Metro Weekly

Three Texas men sentenced after using Grindr to target gay men for violent crimes

Victims were lured to an empty apartment and beaten, robbed, and sexually assaulted

Texas Grindr
From left: Michael Atkinson, Pablo Ceniceros-Deleon, and Daryl Henry

Three Texas men will serve between 12 and 22 years in prison after using Grindr to commit violent crimes against gay men.

Michael Atkinson, 28, Pablo Ceniceros-Deleon, 21, and Daryl Henry, 24, pleaded guilty in 2019 to their part in the scheme. A fourth man, Daniel Jenkins, 22, pleaded guilty earlier this year.

According to prosecutors, the men created fake Grindr profiles to lure gay men to an apartment in East Dallas, where the victims were held at gunpoint, beaten, and robbed of their wallets, car keys, and cell phones.

At least one victim was sexually assaulted with an object, while at least two were urinated on and had feces wiped on them.

For his part in the scheme, Atkinson received over 11 years in prison, while Ceniceros-Deleon received 22 years, and Henry 20 years.

“These three men participated in and committed acts of violence against innocent victims because they believed the victims were gay men,” Assistant Attorney General Kristen Clarke, of the Justice Department’s Civil Rights Division, said in a statement.

“This type of bias-motivated violence runs contrary to our values and violates our federal civil rights laws. The Department of Justice’s Civil Rights Division will aggressively investigate and prosecute those who target members of the LGBTQI community.”

Acting U.S. Attorney Prerak Shah for the Northern District of Texas said, “These defendants brutalized multiple victims, singling them out due to their sexual orientation. We cannot allow this sort of violence to fester unchecked.”

Shah added: “The Department of Justice is committed to prosecuting hate crimes. In the meantime, we urge dating app users to remain vigilant. Unfortunately, predators often lurk online.”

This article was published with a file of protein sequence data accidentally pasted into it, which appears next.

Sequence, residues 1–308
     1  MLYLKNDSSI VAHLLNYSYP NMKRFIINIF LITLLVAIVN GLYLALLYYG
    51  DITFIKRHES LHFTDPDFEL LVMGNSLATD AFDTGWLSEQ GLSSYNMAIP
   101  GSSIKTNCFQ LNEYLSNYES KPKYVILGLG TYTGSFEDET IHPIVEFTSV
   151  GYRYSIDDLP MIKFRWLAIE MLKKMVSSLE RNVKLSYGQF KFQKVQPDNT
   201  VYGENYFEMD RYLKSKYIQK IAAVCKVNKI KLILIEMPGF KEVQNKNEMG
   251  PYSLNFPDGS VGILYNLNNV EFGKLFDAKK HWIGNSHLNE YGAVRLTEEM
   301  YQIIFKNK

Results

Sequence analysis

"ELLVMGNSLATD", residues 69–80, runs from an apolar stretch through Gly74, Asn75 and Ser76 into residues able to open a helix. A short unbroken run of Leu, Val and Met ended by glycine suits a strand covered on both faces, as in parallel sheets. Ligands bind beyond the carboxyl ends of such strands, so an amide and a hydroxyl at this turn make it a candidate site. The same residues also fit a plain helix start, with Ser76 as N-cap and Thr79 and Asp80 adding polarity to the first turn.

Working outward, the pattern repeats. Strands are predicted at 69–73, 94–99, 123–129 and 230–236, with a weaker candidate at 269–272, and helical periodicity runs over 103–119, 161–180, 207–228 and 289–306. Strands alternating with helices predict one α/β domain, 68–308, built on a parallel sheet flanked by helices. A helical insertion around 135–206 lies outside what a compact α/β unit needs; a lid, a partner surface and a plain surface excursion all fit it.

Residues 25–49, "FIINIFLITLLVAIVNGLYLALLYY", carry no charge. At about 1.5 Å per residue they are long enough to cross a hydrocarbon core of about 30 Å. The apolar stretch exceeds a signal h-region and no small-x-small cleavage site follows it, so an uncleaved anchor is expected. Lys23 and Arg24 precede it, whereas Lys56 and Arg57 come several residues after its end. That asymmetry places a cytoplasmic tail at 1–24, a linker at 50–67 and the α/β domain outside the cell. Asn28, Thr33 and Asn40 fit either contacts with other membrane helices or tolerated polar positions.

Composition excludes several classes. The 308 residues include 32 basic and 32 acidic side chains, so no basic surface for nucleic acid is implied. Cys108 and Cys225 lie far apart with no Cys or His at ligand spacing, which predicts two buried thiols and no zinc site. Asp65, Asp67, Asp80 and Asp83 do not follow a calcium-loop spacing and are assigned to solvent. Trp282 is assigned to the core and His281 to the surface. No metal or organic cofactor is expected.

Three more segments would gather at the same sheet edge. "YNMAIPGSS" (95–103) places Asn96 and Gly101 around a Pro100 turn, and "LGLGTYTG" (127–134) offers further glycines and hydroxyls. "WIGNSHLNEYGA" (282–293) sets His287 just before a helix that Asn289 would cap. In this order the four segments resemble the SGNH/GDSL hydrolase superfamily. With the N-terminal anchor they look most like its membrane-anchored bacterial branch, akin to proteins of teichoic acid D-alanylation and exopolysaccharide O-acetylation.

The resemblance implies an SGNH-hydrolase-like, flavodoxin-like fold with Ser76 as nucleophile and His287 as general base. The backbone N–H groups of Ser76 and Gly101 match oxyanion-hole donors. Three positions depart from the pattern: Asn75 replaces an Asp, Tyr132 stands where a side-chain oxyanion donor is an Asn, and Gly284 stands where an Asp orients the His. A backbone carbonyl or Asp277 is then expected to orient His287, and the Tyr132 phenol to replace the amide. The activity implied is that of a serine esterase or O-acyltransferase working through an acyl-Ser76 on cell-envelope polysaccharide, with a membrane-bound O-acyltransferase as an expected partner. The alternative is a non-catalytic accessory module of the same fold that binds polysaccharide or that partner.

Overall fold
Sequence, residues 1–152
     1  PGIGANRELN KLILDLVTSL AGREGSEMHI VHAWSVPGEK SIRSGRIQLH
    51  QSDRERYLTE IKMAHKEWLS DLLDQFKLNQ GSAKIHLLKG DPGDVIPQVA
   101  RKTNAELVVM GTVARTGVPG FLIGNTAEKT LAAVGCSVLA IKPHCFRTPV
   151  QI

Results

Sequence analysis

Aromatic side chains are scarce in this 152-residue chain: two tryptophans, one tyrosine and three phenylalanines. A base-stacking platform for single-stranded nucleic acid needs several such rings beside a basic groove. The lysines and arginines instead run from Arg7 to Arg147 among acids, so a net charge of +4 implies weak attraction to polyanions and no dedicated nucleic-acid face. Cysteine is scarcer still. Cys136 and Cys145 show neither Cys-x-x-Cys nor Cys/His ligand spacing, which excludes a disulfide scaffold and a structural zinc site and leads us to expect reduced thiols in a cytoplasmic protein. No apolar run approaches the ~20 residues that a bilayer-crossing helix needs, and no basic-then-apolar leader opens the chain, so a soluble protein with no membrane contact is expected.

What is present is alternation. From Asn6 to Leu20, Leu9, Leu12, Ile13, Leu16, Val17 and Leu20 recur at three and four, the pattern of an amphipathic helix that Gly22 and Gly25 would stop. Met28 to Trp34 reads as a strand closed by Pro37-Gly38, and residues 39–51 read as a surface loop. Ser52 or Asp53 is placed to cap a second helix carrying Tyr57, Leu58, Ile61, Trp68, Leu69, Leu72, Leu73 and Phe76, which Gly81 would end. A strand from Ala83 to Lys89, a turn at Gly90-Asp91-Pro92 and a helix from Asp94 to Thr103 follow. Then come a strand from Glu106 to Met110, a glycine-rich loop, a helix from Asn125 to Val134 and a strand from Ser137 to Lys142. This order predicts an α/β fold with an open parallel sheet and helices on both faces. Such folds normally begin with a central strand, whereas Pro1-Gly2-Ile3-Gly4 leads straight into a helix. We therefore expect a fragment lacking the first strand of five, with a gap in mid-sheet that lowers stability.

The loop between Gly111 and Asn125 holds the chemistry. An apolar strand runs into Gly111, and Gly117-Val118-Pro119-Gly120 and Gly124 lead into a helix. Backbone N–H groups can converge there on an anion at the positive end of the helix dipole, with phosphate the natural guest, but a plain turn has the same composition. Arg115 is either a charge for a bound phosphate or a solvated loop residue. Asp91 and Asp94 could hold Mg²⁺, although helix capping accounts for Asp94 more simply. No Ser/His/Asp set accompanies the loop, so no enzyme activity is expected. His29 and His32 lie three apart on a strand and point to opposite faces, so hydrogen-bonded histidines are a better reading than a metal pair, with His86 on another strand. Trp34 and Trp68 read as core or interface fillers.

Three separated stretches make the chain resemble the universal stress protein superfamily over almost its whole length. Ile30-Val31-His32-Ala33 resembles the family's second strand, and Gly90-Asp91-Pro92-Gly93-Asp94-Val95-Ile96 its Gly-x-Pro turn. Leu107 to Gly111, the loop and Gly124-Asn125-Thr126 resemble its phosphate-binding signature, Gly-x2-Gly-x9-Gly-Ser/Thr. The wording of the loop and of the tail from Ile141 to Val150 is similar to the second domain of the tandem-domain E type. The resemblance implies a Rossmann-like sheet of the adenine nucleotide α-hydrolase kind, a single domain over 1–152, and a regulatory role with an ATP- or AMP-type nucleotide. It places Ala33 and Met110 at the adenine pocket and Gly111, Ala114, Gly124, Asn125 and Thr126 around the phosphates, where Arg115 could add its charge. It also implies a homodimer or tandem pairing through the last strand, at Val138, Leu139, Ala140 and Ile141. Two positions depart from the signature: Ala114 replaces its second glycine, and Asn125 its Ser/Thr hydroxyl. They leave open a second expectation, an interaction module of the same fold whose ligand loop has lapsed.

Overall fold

Special Agent in Charge Matthew J. DeSarno of the FBI Dallas Field Office said that the victims “were specifically targeted because of their sexual orientation. The FBI wants to reassure the public that we will pursue individuals who commit violent hate acts against any member of our community.”

In his plea agreement, Henry admitted he utilized violence and threats of violence to hold the victims in the backroom of the Dallas apartment. Atkinson and Ceniceros-Deleon admitted to stealing the victims’ cars and using them to access ATMs and steal from the victims’ accounts.

Jenkins, the fourth person to plead guilty, will be sentenced in October.  He faces a maximum sentence of 26 years in prison.

Using Grindr to poach crime victims is not an original idea, and has been utilized in several different instances in recent years.

Police in Atlanta issued a warning to gay men earlier this year after a string of robberies in which victims were held at gunpoint and carjacked by people they met using the gay dating app Grindr.

In February, a Houston man was charged with capital murder after using Grindr to arrange a meeting with a man who he robbed and strangled to death.

Last year, a teenager was arrested after lethally shooting a man and wounding two others after meeting them through Grindr.

In North Texas in 2018, four men either pleaded guilty or were found guilty of using Grindr to arrange meetings with men at their houses in order to rob them.

A similar case in Baltimore saw three suspects use the app to trick at least four unsuspecting victims into meeting with them with the intent of robbing them.

In Oklahoma, police arrested a man — thought to have worked with at least two other men and a woman — who was accused of using Grindr to arrange meetings with gay men at a “house of horrors” where multiple men were forced to lie on the dirty floor of a garage strewn with trash and old mattresses while their attackers stole their personal belongings and attempted to withdraw money from their bank accounts.

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